Irene - not her real name. Out of all the people I met in the schizophrenia ward, this is the one who left the most lasting impression. Until I met her, I believed that chemotherapy was the worst torture patients were subjected to and which doctors derive their sadistic pleasure from under the guise of "treatment", but this encounter proved to me once and for all that the mentally ill truly are at the very bottom of the receiving end of our modern "healthcare" system.
Like so many in this clinic, this story first began to unfold in the smoker's room (mentioned frequently in the first installment of this series.) One day I go to have a smoke, and there she is. A middle-aged women, short, dark brown hair. I didn't notice it at first, but when I think back it was kind of a curious contrast between how precise her side parting was and how well-kept her hair was in general, and how ridiculously badly she was dressed. I'm not judging, it's just something that kind of sticks with you as unusual. Overall she looked no better or worse, for lack of better terms, than any other patient in the ward. Just an average patient at first sight, not worth noting.
Then she began to "talk." You couldn't understand a word she was "saying", it was literally just moaning. Over time, that being many weeks, I began to be able to work out that at least she was trying to talk, that it wasn't just moaning, and at times you could almost get a general idea of what she was trying to express, just barely. But at first, it was just moaning to me, just random noises she made for whatever reason. So obviously at first I thought she was not simply mentally ill, I was under the impression that she was severely mentally disabled. Think Down's syndrome. I felt like she had the intellect of a slice of toast and had no idea what she was doing in this place. I admit that is a snap judgement to make, but remember I was not exactly at 100% myself and was creeped out by the ward and its inhabitants in general, and didn't give people much of a chance at first.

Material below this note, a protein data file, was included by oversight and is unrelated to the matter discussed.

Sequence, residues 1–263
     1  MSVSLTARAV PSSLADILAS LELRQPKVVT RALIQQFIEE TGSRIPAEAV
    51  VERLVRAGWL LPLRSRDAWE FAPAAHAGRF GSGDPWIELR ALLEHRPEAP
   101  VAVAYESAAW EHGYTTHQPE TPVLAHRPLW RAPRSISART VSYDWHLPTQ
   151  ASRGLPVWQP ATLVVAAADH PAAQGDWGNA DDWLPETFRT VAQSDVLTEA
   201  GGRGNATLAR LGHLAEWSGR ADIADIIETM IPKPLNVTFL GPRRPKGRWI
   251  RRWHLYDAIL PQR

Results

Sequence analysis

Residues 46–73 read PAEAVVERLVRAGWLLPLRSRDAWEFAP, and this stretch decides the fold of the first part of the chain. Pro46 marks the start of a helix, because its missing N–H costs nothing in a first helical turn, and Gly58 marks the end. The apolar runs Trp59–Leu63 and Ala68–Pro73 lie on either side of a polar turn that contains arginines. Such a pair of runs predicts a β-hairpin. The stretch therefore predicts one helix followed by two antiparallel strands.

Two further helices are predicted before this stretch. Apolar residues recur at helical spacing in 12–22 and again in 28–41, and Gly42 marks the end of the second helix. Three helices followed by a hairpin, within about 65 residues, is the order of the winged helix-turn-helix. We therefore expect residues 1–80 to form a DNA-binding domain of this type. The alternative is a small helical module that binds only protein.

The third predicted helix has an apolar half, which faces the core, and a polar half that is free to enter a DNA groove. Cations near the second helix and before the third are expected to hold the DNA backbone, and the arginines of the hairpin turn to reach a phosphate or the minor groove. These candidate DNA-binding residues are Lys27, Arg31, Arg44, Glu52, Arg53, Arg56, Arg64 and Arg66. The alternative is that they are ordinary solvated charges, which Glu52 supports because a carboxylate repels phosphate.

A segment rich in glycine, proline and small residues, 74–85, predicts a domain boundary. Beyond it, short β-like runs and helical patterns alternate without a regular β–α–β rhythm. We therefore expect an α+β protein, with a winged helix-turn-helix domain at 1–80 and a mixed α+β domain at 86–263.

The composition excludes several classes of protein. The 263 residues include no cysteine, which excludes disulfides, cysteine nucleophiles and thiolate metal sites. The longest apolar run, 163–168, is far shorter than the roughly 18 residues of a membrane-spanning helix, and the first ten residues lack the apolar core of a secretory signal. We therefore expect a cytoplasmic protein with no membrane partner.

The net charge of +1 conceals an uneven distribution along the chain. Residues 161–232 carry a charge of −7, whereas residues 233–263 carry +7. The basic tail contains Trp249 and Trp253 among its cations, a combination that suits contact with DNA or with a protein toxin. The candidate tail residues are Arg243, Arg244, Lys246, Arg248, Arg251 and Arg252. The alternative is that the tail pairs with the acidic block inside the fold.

So yeah, I thought she was a retard, it's not without shame I admit that. But weeks passed, and as both she and I were nearly always in the little smoker's room filling our lungs with tar and other poisons, and I began to notice more and more little things that just didn't seem to fit into my initial snap judgement of her as being mentally disabled.
It was quickly apparent that she was obsessed with the cleanliness of the room, and not just that, but with everything being in perfect order. Most of the times you met her in the room, she'd be bent over sweeping the floor with a hand brush, and when she was sitting to have a smoke, she'd clean the table. At first she rubbed off the ash spots with spit, and we had to explain to her how gross that was, and she'd understand and comment (with a moan), but she would not rest until the table was clean, so we had to make sure there was always a wet cloth around so she could keep everything squeaky clean. And it didn't end there. The chairs had to be perfectly parallel, and the legs of the table had to face particular directions, the ashtray needed to be exactly in the middle and the little aluminum box for cigarette butts had to be in just the right place. That's not something someone with a slice of toast for a brain is easily capable of, so I began to pay more attention to what she did, how she behaved and tried my best to decipher meaning from her moans. And so did others, and we talked about what we could make out, and pieced it together.